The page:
To track your progress, identify smaller, attainable action items that will result in reaching your overall goal. For example, if you work in a corporate legal department and have the goal of improving integration of legal and business practices, it is simple to write down a quarterly goal of connecting with different departments at your company. A more helpful approach, however, is to identify smaller, more defined tasks like making a certain number of phone calls to key members of those departments each month. Even further, you could identify in advance the particular business practices you plan to discuss with each of those individuals during your calls, and perhaps then coordinate follow-up remote meetings to promote efficiency and success in those departments.
  4. Grab an Accountability Partner. To truly be successful, you must hold yourself accountable to completing these tasks. Holding yourself accountable while working at home may not be as easy as it sounds, given family and work obligations. Priorities can easily get lost in the chaos when retreating behind a computer screen. A best practice to assist with these concerns is to share your new goals and action items with others. Verbalizing your goals to another person further incentivizes you to keep your commitment. In the process, you may inspire others to set and/or renew their goals.

    You can even identify an accountability partner to help keep you on track. If your goal is work-related, then your employer's internal marketing or business development personnel could make great accountability partners. But, an accountability partner does not have to be a marketing professional, a colleague, or even someone who has deep insight into your work obligations. As long as your selected accountability partner will listen to your goals and ask about your progress, it will work. These types of relationships usually work well when they are mutually beneficial, so consider how you can be a resource for your accountability partner as well.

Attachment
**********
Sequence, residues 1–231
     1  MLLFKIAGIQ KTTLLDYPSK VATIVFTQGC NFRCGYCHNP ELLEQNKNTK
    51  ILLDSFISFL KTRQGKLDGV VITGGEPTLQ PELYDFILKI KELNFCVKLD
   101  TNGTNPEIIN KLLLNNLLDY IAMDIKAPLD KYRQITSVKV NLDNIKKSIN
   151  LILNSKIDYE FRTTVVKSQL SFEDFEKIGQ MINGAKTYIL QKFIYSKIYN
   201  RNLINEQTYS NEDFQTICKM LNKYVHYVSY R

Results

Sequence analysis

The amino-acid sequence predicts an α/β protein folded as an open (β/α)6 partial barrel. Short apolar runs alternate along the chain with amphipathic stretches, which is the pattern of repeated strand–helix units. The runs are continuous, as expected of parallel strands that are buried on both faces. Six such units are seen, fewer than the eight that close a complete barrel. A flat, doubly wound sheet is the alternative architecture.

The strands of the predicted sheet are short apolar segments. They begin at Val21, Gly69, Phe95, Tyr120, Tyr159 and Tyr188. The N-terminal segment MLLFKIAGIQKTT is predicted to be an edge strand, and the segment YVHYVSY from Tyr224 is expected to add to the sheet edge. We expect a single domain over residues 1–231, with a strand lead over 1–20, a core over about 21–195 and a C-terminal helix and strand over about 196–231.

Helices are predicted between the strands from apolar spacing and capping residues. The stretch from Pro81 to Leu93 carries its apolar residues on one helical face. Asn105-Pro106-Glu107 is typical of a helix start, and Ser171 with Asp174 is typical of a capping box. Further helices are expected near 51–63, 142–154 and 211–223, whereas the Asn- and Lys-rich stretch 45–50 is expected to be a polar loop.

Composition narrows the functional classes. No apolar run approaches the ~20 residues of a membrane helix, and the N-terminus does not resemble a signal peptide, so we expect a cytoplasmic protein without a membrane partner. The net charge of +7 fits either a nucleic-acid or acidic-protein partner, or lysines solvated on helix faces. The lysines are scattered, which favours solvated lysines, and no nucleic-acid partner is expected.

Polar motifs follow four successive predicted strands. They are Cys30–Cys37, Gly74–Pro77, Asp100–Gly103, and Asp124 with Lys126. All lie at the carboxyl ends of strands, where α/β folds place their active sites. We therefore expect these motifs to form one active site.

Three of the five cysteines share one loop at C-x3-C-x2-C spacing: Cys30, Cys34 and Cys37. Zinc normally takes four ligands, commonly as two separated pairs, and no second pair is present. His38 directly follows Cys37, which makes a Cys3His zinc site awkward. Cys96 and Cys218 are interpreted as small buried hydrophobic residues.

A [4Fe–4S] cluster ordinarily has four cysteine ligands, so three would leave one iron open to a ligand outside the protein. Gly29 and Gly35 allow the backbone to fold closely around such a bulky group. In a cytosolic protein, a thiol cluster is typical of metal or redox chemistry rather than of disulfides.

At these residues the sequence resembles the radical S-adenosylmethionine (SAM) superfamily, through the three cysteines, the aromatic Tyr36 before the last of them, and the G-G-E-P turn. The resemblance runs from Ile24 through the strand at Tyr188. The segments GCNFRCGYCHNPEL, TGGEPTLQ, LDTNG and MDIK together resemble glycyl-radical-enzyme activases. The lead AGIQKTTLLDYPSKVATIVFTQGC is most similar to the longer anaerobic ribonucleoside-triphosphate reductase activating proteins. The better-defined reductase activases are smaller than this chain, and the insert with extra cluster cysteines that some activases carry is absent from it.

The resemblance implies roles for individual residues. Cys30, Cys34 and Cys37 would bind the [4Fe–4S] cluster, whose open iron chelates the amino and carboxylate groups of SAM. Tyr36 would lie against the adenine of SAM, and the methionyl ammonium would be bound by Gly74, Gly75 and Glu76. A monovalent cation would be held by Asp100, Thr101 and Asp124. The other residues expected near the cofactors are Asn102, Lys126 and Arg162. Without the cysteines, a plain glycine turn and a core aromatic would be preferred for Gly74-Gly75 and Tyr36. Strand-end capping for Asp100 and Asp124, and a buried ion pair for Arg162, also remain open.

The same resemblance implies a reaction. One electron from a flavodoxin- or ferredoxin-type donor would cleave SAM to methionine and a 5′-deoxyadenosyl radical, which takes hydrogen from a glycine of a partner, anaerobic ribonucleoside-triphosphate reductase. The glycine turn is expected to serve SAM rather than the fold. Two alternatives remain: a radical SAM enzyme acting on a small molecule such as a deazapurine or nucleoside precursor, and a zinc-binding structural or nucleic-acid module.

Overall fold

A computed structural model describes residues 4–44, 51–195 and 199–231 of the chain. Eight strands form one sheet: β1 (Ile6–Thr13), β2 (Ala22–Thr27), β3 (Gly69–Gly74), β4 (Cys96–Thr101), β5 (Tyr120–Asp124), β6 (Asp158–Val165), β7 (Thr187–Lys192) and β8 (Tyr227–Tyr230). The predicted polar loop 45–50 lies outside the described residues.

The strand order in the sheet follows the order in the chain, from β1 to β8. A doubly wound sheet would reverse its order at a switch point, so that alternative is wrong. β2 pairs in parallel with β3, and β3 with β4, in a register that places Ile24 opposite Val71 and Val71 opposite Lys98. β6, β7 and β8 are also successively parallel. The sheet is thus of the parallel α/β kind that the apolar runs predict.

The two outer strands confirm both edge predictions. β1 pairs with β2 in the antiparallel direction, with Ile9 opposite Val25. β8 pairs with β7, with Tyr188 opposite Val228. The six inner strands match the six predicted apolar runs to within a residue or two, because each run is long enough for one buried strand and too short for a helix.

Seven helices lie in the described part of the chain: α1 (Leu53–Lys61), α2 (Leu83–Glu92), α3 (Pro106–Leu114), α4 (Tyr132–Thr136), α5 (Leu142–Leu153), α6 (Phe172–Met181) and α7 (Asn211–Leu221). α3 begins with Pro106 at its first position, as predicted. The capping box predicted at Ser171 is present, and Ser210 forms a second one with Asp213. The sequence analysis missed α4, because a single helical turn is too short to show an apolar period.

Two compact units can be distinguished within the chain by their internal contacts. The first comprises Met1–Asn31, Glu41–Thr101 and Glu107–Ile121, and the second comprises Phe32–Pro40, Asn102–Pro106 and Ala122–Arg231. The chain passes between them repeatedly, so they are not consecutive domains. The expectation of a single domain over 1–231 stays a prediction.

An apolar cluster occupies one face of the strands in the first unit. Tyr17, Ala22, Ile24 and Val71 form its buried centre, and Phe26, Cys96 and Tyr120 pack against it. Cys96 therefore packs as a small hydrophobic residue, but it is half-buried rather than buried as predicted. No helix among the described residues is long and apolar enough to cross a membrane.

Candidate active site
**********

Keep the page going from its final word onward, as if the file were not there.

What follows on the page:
5. Keep Going, One Day at a Time. Accomplishing big goals is a marathon, not a sprint. If you do not achieve some of your smaller tasks or expectations, do not be discouraged. Circumstances beyond your control will occur, including the COVID-19 pandemic, and you may occasionally get derailed from your goals. However, carefully and thoughtfully crafting your priorities, goals, attainable tasks, and action items, as well as selecting accountability partners now, will position you for success despite setbacks.

    Maintain a well-rounded schedule by practicing habits that will energize and sustain you. Sharpen your saw by staying informed about your industry and applicable laws. In addition, take time to consider and strengthen your physical and mental health, and keep connected with others, including your accountability partner. Staying healthy and balanced will prove invaluable in having the stamina and drive to push to achieve your goals.

Before you know it, 2020 will come to an end and you will be celebrating your accomplishments. You will be grateful for investing your time earlier in the year to clearly think through, research, and organize your goals. Challenges have the ability to bring out the best in us, so let us turn our current circumstances into a strategic opportunity to position ourselves for success.

Mahira Khan is a former Baker Donelson associate.